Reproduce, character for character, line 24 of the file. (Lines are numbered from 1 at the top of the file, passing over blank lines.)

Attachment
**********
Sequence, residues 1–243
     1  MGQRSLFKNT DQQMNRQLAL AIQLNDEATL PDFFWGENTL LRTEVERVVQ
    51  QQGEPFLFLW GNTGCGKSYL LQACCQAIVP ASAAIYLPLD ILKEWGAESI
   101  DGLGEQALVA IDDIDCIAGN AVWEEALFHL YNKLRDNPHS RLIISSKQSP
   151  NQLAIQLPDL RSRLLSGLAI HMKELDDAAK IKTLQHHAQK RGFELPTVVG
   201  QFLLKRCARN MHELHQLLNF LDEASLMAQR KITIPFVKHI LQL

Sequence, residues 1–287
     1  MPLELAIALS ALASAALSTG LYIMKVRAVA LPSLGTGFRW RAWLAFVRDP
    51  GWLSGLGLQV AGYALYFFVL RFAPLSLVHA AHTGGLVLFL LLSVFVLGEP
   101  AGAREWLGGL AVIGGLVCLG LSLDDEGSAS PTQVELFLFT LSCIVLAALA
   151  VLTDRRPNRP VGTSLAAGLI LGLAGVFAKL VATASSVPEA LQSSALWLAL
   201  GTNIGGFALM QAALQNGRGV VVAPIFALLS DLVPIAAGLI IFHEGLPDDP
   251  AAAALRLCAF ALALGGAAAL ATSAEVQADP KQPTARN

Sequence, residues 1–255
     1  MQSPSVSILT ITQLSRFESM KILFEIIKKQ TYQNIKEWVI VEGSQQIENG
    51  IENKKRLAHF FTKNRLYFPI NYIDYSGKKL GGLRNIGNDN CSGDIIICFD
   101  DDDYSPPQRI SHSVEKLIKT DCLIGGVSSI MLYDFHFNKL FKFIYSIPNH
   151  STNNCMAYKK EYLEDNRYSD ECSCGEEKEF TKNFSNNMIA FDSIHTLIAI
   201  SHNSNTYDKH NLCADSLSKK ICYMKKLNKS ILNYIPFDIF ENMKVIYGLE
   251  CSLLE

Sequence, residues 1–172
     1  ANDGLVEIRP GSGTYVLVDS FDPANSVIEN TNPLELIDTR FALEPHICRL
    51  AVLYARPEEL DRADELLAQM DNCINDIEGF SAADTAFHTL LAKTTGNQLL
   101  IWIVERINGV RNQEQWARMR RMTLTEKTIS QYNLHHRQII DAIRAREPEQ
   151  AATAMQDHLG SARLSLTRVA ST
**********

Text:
   101  IWIVERINGV RNQEQWARMR RMTLTEKTIS QYNLHHRQII DAIRAREPEQ